Weird but True: Strange and Unusual Tombstones
As a Catholic who is also a firm believer in reincarnation, I do not think that our final resting place is a hole in the ground at a plot in a cemetery -- and yet I have always been drawn to these locations. Maybe it's the ghost hunter in me, but I can spend hours treading through the sprawling sites, battling bugs and soft spots, stooping down to read the inscriptions. Usually, you will learn the basics: the person's name, date of birth, date of death, perhaps who they are survived by or buried with. On some of the older headstones, the epitaphs try to tell a story about the individual they represent, using poems and verses to gently lay the body to rest. Unfortunately, many of the markers used back in the 1800s were made of marble, which wears and dissolves over time, rendering the inscriptions unreadable. Sometimes if you attempt a rubbing (a method of reproducing the texture of the gravestone epitaph by placing a piece of paper over the surface and rubbing lightly with a pencil or charcoal) you can make out what they say. Other times, you are left to wonder what words these people, or the ones who loved them, chose as their very last.
Most of the gravestones are either simple (and a little boring) or heartbreaking. There isn't much that can be said about a man named William Archer who lived from 1847 to 1912 and is buried next to his wife, who was born in 1850 and died in 1914. He lived a long life, and since there are no further details, one can only assume that his passing was uneventful. Hopefully he died peacefully in his sleep. Other stones, particularly those belonging to babies (which you see a lot of from the 1800s) will quite simply break your heart in half. Just this past weekend my mother and I were investigating a Baptist cemetery in our hometown when we came across the grave of a husband and wife who were buried with their five children. Not one of the children lived past the age of five. In fact, the mother herself died less than a year after the death of her last daughter, in 1803 -- probably of a broken heart. In our travels we have also seen the wife of a reverend who died at the age of 12, a family of four children who all died on the same day in the mid-1800s, a mother and daughter, Rhonda and Rhoda, who both passed during childbirth when Rhonda was only sixteen, and countless others. It is tragic to think of the mortality rate of the previous centuries, when babies died from asthma attacks and the common cold could wipe out an entire neighborhood simply because they didn't have the medicine and technology we take for granted today.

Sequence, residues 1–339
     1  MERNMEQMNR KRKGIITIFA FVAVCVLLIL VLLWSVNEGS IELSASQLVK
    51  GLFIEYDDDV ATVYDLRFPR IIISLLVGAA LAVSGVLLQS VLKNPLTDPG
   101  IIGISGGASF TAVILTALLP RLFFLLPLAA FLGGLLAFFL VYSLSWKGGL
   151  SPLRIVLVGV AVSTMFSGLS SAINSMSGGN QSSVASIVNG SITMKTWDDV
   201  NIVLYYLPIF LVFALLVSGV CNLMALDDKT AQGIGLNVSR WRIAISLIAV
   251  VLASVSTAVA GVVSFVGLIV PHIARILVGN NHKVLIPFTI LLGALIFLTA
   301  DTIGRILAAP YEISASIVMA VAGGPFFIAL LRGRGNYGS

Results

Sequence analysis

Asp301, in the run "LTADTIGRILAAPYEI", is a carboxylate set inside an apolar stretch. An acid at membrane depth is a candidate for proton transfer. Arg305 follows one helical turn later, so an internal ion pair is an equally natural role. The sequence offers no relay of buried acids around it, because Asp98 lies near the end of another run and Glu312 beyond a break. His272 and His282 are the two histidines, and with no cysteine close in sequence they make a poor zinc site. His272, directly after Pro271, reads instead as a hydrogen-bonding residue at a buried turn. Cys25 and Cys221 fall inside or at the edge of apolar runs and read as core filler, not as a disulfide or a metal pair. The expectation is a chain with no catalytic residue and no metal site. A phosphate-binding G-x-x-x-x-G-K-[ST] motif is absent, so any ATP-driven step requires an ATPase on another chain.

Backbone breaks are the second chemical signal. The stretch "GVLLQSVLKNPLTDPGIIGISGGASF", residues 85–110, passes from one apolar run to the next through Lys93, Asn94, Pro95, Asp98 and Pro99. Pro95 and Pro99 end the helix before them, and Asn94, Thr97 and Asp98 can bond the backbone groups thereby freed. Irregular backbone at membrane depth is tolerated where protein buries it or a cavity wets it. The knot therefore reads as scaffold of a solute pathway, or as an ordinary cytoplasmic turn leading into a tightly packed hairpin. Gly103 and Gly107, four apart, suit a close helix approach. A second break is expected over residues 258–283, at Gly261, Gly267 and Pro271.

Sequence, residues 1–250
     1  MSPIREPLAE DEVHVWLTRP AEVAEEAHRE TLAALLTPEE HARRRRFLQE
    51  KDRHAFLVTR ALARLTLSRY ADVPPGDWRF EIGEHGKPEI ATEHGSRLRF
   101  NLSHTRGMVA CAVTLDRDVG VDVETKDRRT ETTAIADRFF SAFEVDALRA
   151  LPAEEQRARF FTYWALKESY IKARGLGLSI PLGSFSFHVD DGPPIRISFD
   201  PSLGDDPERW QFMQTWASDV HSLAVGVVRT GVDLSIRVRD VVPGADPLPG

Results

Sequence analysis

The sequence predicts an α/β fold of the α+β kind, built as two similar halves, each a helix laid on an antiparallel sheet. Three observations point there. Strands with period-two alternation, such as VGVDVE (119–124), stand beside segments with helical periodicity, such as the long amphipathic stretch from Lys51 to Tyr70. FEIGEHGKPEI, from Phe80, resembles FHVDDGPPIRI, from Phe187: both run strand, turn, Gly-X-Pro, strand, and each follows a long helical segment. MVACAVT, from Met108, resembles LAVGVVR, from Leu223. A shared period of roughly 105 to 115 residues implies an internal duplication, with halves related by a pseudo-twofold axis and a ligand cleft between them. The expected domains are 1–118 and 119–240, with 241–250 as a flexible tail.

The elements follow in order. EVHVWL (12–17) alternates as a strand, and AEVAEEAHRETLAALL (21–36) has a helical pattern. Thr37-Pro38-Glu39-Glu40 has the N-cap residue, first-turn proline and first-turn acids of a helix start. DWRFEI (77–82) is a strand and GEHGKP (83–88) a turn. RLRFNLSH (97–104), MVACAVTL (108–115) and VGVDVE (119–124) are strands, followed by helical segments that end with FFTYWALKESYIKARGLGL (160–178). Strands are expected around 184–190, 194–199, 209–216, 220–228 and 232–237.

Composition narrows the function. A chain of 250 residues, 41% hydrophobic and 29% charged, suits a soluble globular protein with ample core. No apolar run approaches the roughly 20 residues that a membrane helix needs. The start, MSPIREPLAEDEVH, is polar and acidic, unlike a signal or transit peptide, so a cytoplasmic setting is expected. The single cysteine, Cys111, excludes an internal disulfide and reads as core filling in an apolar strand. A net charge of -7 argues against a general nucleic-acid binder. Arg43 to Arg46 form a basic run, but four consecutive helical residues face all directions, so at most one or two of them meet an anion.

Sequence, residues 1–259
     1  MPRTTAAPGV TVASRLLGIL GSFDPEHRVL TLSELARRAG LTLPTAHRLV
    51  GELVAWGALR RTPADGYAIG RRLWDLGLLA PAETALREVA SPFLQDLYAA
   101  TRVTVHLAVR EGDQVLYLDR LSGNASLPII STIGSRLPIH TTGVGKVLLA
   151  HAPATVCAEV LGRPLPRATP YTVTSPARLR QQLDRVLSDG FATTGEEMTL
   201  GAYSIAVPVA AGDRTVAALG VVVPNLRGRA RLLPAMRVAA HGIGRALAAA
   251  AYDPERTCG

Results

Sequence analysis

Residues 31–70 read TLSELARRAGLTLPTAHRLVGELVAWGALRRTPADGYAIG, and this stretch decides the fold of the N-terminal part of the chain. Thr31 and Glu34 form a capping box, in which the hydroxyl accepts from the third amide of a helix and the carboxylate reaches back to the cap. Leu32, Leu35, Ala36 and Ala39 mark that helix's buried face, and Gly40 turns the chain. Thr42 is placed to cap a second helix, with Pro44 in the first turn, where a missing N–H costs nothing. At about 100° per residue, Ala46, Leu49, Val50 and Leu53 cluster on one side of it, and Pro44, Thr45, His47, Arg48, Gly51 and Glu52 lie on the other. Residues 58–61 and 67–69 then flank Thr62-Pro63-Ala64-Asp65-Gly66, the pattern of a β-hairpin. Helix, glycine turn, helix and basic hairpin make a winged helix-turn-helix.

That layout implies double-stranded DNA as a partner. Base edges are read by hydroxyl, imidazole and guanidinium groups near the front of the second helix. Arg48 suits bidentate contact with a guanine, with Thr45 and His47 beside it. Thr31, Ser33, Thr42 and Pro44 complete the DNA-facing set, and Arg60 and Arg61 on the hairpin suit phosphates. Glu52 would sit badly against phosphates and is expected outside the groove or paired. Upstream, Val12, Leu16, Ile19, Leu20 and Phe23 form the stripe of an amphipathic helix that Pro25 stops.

Then you have the headstones that make you pause and say, "Wait...what?!" The ones with strange epitaphs, ridiculous poems and weird carvings. It's always refreshing to come across one of these, to spot a beacon of light among a sea of decaying, depressing stones. And it's nice to see that a good sense of humor can carry over into the great beyond.
East Dalhousie Cemetery, Nova Scotia: Here lies Ezekial Aikle, Age 102 , The Good Die Young.
Ruidoso, New Mexico, cemetery: Here lies Johnny Yeast, Pardon me For not rising.
Margaret Daniels grave at Hollywood Cemetery Richmond, Virginia: She always said her feet were killing her but nobody believed her.
Grave of Ellen Shannon in Girard, Pennsylvania: Who was fatally burned March 21, 1870 by the explosion of a lamp filled with "R.E. Danforth's Non-Explosive Burning Fluid."
In a Thurmont, Maryland, cemetery: Here lies an Atheist , All dressed up And no place to go
Larne, Ireland - On a hanged sheep stealer: Here lies the body of Thomas Kemp. Who lived by wool and died by hemp.
On a coroner who hung himself: He lived And died By suicide
On a waiter: Here lies the body of Detlof Swenson. Waiter. God finally caught his eye. April 10, 1902
On a watchmaker: Here lies in horizontal position the outside case of Dear George Routleight, watchmaker, whose abilities in that line were an honor to his profession -- integrity was the mainspring, and prudence the regulator of all the actions of his life. Humane, generous, and liberal, his hand never stopped until he had relieved distress. So nicely regulated were all his movements that he never went wrong, except when set agoing by people who did not know his key; even then he was easily set right again. He had the art of disposing his time so well that the hours glided away in one continued round of pleasure and delight, till an unlucky moment put a period to his existence. He departed this life November 14, 1802, aged fifty-seven. Wound up in hopes of being taken in hand by his Maker and being thoroughly cleansed, repaired, and set agoing in the world to come. St Petrock's Church, Lyford, Devon, England
New Hampshire cemetery: Tears cannot restore her -- therefore I weep
On an adulterous husband: Gone, but not forgiven Atlanta, Georgia
Stowe, Vermont: I was somebody. Who, is no business of yours.